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Cathleen M Curl

Cathleen Curl’s Answers

401 total


  • How do I deal with a General Contractor who we paid upfront payment who got hit with an IRS collection notice?

    We engaged a general contractor (GC) for a major house remodeling project. The contract asked for 10% upfront payment as "mobilization" and we paid it. Things were humming along fine (we were doing the architecture/design with the GC's architect...

    Cathleen’s Answer

    I agree that you need to consult with an experienced construction attorney about this. I also agree that it would be a good idea to have that attorney talk to the IRS representative whose name is on the letter you received about the status. Oftentimes an appearance by you at a hearing is not necessary, and sometimes the debtor has already worked out a settlement with the IRS that doesn't need your involvement. Further investigation is necessary.

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  • I hired a contractor to work on my house. Unfortunately, his work was not satisfactory. I don't think he can do the job right.

    He promised to fix whatever problem there was. He said this would be covered by his warranty so he will not charge me extra. However, I have lost confidence in him. His company is licensed and he has a contractor's bond which is required for all c...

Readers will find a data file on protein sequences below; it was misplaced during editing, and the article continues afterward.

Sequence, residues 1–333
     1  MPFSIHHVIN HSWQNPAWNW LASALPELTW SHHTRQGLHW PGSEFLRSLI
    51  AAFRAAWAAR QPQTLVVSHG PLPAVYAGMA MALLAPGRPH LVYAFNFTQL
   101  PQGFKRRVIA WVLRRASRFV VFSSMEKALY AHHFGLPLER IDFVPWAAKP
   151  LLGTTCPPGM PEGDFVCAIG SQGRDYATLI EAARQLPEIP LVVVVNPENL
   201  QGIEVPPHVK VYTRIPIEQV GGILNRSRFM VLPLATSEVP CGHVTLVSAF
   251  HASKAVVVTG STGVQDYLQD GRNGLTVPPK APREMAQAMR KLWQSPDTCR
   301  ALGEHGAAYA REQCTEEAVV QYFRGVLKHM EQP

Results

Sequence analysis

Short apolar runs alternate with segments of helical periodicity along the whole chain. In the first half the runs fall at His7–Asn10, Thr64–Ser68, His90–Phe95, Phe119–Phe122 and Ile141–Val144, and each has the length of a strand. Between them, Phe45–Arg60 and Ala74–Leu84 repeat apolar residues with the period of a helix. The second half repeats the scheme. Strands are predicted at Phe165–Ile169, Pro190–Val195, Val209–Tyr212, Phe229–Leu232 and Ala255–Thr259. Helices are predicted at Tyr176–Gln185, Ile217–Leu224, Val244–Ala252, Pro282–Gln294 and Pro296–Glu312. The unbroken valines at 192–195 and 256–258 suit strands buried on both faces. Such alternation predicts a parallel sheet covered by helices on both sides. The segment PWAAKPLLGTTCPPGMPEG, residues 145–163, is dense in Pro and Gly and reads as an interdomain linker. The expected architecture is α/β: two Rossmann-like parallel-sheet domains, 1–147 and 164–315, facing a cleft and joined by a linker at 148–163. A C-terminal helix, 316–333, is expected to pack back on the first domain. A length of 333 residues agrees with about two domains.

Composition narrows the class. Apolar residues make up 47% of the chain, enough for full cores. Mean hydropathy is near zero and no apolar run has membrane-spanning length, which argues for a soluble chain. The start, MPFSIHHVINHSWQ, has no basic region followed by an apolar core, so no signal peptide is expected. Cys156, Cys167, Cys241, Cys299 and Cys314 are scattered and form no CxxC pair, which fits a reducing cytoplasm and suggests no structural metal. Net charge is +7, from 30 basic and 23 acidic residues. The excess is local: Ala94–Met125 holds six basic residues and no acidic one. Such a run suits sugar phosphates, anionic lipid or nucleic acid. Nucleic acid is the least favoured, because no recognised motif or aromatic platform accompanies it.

Cathleen’s Answer

    The license bond surety most likely will not pay for this unless the contractor has abandoned your project, which he hasn't done here. You need to give the contractor the opportunity to correct his work. If the repairs are still not done properly or to code, then you may be able to justifiably terminate the contractor. This can be tricky though. I advise you to consult with an experienced construction attorney before proceeding further.

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  • Does a home owner still have to pay contractor when job is near complete and home owner claims to have fired him?

    I worked for a contractor hourly under the table. He says the home owner is not paying him and claiming they fired him for not completing the job and/or other reasons, (it was 90% complete). The contractor is suing for the remaining balance, ($2,7...

    Cathleen’s Answer

    You should immediately file a claim with the Dept. of Labor Wage Enforcement Division. They will help you get your money from the contractor. You do Not need to say that it was "under the table". It was an oral employment contract. It's the general contractor's responsibility to obtain workers compensation insurance for his employees not yours.